11. 11.
    Jones P, Binns D, Chang H-Y et al (2014) InterProScan 5: genome-scale protein function classification. Bioinformatics 30(9):1236–1240PubMedCentralCrossRefPubMedGoogle Scholar
  12. 12.
    McLaren W, Pritchard B, Rios D et al (2010) Deriving the consequences of genomic variants with the Ensembl API and SNP effect predictor. Bioinformatics 26(16):2069–2070PubMedCentralCrossRefPubMedGoogle Scholar
  13. 13.
    Harris RS (2007) Improved pairwise alignment of genomic DNA. ProQuest, Ann Arbor, p 84Google Scholar
  14. 14.
    Schwartz S, James Kent W, Smit A et al (2003) Human–mouse alignments with BLASTZ. Genome Res 13(1):103–107PubMedCentralCrossRefPubMedGoogle Scholar
  15. 15.
    Kent WJ (2002) BLAT—the BLAST-like alignment tool. Genome Res 12(4):656–664PubMedCentralCrossRefPubMedGoogle Scholar
  16. 16.
    Kent WJ, Baertsch R, Hinrichs A, Miller W, Haussler D (2003) Evolution’s cauldron: duplication, deletion, and rearrangement in the mouse and human genomes. Proc Natl Acad Sci 100(20):11484–11489PubMedCentralCrossRefPubMedGoogle Scholar
  17. 17.
    Vilella AJ, Severin J, Ureta-Vidal A et al (2009) EnsemblCompara GeneTrees: complete, duplication-aware phylogenetic trees in vertebrates. Genome Res 19(2):327–335PubMedCentralCrossRefPubMedGoogle Scholar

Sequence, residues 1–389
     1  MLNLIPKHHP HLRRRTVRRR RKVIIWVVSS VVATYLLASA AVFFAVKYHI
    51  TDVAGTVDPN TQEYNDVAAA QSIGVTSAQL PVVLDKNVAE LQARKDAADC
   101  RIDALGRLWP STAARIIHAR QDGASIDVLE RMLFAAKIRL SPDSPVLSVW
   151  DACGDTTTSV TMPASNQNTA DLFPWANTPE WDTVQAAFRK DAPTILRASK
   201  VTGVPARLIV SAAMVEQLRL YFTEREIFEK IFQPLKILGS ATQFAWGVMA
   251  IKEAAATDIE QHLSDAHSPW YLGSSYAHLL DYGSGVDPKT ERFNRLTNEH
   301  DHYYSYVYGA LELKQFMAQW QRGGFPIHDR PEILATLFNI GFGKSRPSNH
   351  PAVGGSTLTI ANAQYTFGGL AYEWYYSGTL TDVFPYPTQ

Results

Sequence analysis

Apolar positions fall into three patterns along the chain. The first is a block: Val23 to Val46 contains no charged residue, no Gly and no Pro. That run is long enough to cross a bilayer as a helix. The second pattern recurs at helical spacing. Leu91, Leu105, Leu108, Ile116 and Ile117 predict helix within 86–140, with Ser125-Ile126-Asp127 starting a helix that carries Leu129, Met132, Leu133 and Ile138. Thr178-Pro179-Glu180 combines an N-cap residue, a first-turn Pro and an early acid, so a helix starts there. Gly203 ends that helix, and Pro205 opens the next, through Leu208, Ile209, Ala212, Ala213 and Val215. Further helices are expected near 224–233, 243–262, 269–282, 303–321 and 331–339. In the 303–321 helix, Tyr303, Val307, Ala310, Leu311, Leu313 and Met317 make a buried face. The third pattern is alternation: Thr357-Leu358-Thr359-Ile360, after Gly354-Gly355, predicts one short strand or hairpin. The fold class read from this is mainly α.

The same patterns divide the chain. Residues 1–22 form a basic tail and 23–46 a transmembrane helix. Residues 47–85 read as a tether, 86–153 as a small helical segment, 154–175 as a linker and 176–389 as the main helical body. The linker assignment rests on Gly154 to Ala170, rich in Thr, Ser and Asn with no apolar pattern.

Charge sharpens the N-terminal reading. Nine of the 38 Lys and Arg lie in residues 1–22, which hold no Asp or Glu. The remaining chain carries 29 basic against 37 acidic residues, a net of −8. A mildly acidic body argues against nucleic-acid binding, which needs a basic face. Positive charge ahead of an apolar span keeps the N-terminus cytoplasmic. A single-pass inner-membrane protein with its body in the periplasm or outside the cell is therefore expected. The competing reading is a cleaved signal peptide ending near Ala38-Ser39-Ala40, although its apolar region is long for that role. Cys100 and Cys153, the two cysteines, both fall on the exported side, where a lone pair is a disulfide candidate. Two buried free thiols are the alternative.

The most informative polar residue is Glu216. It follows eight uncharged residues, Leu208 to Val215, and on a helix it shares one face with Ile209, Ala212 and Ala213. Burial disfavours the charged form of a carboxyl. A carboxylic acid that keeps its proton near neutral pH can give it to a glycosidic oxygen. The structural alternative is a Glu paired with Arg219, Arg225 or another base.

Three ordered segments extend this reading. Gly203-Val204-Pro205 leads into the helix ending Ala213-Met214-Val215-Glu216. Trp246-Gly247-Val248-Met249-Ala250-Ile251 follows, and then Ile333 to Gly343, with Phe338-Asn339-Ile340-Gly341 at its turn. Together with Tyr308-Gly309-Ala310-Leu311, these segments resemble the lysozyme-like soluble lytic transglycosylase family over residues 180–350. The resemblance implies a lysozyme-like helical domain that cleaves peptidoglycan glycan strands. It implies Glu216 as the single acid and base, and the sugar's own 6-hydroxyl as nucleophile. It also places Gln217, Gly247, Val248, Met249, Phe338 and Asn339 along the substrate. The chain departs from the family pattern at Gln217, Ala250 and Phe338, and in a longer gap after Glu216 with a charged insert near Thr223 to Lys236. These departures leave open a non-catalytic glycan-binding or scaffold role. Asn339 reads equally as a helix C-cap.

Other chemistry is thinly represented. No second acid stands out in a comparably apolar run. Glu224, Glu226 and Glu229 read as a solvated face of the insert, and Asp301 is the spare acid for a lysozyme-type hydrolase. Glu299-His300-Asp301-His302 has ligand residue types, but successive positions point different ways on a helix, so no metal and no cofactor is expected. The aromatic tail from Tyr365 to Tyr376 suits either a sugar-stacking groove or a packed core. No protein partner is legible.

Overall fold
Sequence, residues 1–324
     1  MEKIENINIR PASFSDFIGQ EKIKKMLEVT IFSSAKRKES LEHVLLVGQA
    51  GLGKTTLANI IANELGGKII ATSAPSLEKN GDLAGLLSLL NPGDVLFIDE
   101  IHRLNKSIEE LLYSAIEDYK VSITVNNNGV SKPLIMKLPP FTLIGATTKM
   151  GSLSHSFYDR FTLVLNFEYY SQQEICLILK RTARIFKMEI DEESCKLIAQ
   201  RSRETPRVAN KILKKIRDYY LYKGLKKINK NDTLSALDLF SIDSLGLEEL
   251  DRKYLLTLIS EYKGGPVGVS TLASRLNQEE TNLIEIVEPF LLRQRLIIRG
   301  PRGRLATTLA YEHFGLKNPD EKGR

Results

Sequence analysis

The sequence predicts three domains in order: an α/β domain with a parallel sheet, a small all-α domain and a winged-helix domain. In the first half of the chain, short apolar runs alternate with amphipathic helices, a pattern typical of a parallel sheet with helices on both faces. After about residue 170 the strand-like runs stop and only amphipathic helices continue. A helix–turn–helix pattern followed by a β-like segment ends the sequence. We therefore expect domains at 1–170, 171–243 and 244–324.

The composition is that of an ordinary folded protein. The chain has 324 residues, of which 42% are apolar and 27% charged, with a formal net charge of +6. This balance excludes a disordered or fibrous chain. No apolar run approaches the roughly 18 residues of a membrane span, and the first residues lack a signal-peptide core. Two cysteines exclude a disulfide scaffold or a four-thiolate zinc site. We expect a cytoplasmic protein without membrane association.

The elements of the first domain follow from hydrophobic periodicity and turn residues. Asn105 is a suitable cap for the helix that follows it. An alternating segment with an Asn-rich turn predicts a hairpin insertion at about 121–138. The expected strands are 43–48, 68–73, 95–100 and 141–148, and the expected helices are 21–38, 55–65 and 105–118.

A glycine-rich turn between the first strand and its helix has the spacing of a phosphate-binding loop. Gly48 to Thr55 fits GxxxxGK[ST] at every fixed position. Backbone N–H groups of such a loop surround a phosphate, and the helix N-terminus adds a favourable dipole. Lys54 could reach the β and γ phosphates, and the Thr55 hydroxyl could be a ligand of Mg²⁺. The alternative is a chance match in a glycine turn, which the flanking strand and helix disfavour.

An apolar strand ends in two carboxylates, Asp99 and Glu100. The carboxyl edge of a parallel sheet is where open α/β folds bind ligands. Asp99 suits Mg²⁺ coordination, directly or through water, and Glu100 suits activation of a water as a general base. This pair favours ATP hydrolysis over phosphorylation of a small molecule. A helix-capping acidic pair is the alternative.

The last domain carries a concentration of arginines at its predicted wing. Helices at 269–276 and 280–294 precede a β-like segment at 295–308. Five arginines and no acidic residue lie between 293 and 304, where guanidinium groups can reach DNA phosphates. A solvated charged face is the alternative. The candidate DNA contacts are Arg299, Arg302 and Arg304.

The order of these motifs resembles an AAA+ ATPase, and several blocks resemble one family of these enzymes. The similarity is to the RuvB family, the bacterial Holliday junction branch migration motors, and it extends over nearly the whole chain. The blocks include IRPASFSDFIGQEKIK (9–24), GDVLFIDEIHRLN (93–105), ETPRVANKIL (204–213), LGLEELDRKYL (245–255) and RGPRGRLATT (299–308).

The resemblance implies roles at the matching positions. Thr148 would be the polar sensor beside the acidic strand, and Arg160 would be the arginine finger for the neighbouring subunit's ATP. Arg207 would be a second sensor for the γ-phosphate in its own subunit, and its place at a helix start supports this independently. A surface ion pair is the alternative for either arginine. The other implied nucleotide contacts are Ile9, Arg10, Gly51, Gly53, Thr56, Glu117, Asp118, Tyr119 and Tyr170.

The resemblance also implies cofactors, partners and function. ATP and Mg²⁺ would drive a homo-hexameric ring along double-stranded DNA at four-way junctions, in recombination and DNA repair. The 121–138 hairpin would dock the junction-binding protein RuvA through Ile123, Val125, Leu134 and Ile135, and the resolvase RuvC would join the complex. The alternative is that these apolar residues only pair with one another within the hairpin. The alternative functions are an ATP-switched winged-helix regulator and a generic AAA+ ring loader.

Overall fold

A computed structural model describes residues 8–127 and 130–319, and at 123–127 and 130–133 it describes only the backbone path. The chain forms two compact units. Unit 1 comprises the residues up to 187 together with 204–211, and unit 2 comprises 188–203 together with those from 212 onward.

18. 18.
    Ashburner M, Ball CA, Blake JA et al (2000) Gene ontology: tool for the unification of biology. Nat Genet 25(1):25–29PubMedCentralCrossRefPubMedGoogle Scholar
  19. 19.
    Cooper L, Ramona L, Walls JE et al (2013) The plant ontology as a tool for comparative plant anatomy and genomic analyses. Plant Cell Physiol 54(2):e1PubMedCentralCrossRefPubMedGoogle Scholar
  20. 20.
    Burge S, Kelly E, Lonsdale D et al (2012) Manual GO annotation of predictive protein signatures: the InterPro approach to GO curation. Database 2012:bar068PubMedCentralPubMedGoogle Scholar
  21. 21.
    Eilbeck K, Lewis SE, Mungall CJ et al (2005) The Sequence Ontology: a tool for the unification of genome annotations. Genome Biol 6(5):R44PubMedCentralCrossRefPubMedGoogle Scholar
  22. 22.
    Chamala S, Chanderbali AS, Der JP et al (2013) Assembly and validation of the genome of the nonmodel basal angiosperm Amborella. Science 342(6165):1516–1517CrossRefPubMedGoogle Scholar
  23. 23.
    Hu TT, Pattyn P, Bakker EG et al (2011) The Arabidopsis lyrata genome sequence and the basis of rapid genome size change. Nat Genet 43(5):476–481PubMedCentralCrossRefPubMedGoogle Scholar
  24. 24.
    Arabidopsis Genome Initiative (2000) Analysis of the genome sequence of the flowering plant Arabidopsis thaliana. Nature 408(6814):796CrossRefGoogle Scholar
  25. 25.
    D’Hont A, Denoeud F, Aury JM et al (2012) The banana (Musa acuminata) genome and the evolution of monocotyledonous plants. Nature 488(7410):213–217CrossRefPubMedGoogle Scholar
  26. 26.
    International Barley Genome Sequencing Consortium (2012) A physical, genetic and functional sequence assembly of the barley genome. Nature 491(7426):711–716Google Scholar
  27. 27.